Tugg has the potential to get indie films distributed to places they wouldn’t usually make it to, and even to create a new platform for the distribution of independent films. It lets you create your own crowd-sourced film viewing event or alternatively attend those of others. Just choose a film from their library then create the event and Tugg will reserve the theatre for you. So all you have to do is wait for the screening, providing that the event was promoted successfully enough and reaches the minimum amount of attendees. The downside is that, currently, it is only available in the US.
Junto Box Films gives independent filmmakers a new kind of opportunity to get financing for their films. Just follow a series of steps, similar to the ones in the traditional film business, from writing loglines and synopses to writing the final script. The only difference is that the more buzz your project gets online, the more likely it is your film will be made. Junto therefore gets live feedback from the film’s theoretical audience by monitoring the number of followers and following the ratings of the project.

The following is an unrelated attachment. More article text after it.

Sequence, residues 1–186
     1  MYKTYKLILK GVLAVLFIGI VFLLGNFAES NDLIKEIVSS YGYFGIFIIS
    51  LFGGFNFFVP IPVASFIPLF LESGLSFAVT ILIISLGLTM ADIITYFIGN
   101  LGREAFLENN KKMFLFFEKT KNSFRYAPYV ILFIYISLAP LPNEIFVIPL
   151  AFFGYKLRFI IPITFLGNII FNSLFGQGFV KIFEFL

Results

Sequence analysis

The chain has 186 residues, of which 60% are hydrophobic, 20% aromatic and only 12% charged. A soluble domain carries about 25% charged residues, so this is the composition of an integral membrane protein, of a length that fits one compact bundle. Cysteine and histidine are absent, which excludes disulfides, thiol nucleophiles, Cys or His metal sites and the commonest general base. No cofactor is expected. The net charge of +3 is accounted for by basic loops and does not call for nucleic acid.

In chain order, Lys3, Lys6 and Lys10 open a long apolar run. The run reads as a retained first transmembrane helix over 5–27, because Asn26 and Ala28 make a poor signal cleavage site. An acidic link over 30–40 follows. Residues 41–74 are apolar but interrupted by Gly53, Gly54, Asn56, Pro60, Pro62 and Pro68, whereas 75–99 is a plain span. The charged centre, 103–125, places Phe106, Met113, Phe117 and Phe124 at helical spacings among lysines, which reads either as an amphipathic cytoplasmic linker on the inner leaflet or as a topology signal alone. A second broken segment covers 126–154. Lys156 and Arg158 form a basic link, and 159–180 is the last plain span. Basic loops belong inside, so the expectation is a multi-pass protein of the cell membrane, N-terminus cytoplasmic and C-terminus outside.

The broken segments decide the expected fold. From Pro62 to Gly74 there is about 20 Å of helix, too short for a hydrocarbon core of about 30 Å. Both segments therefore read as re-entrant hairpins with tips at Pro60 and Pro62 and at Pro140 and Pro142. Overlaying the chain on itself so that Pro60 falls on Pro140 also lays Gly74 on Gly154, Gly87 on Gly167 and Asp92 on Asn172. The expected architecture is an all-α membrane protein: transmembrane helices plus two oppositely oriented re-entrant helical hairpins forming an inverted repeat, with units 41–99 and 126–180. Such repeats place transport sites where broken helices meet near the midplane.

The Facebook app, Fandango, allows you to add movie clips to your timeline from your watched and rated film lists.
Indiefilmz.com supports independent filmmakers who upload their short films to the website, instantly making them available to a worldwide audience. Viewers pay $1.49 to watch a film, $1 of which goes to the filmmaker.
Moviepilot lets its users subscribe to the upcoming movies they are looking forward to and open their own personal news stream where they can discuss all aspects of the movie with others. It also allows them to discover other films they may like based on what they have liked previously.
Milyoni.com is a “social video” platform which allows its users to interact with other viewers while watching films and concerts on a pay-per-view basis.
Based on their own personal taste in movies, Filmaster.com suggests to its users what they may like to see in their local theatres, what’s on television and what’s showing on Netflix. It started as an iPhone app but now has branched out to a website and even a Google TV interface.
As a new way to promote and sell personal projects, be it films or music, Veam is a promising-looking distribution platform. After uploading the content the user can set their own price. Veam will create an app which is ready to be distributed. It also lets the user gain insight into who is supporting their work. An interesting aspect of the app is that it can be used without an Internet connection, therefore no buffering is needed.
Production Minds is a platform for organising all aspects of pre-production. It makes storyboards, crew lists, script breakdowns, casting lists, locations, dates and times available for the whole crew in a single place. It promotes creative collaboration and gets rid of messy e-mail threads.
With the app Brickflow, you can create a social media slideshow using content from Instagram, Twitter, YouTube, Tumblr and more. Using its live hashtag wall you can slide between photos, tweets and videos, showing your content’s story at any event.
by Joe Newson